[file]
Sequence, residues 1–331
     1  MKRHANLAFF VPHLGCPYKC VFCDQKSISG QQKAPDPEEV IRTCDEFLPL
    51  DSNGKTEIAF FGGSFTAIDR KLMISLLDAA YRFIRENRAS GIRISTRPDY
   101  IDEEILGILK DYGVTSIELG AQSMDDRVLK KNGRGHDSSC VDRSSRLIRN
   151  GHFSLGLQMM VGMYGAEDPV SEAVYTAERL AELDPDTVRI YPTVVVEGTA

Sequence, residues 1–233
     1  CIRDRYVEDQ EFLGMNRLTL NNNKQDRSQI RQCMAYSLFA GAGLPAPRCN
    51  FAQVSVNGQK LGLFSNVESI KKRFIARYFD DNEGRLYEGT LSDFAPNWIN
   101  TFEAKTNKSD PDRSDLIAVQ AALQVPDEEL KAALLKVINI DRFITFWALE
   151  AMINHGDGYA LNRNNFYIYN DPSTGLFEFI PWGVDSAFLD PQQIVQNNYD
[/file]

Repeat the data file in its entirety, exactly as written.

Sequence, residues 1–331
     1  MKRHANLAFF VPHLGCPYKC VFCDQKSISG QQKAPDPEEV IRTCDEFLPL
    51  DSNGKTEIAF FGGSFTAIDR KLMISLLDAA YRFIRENRAS GIRISTRPDY
   101  IDEEILGILK DYGVTSIELG AQSMDDRVLK KNGRGHDSSC VDRSSRLIRN
   151  GHFSLGLQMM VGMYGAEDPV SEAVYTAERL AELDPDTVRI YPTVVVEGTA

Sequence, residues 1–233
     1  CIRDRYVEDQ EFLGMNRLTL NNNKQDRSQI RQCMAYSLFA GAGLPAPRCN
    51  FAQVSVNGQK LGLFSNVESI KKRFIARYFD DNEGRLYEGT LSDFAPNWIN
   101  TFEAKTNKSD PDRSDLIAVQ AALQVPDEEL KAALLKVINI DRFITFWALE
   151  AMINHGDGYA LNRNNFYIYN DPSTGLFEFI PWGVDSAFLD PQQIVQNNYD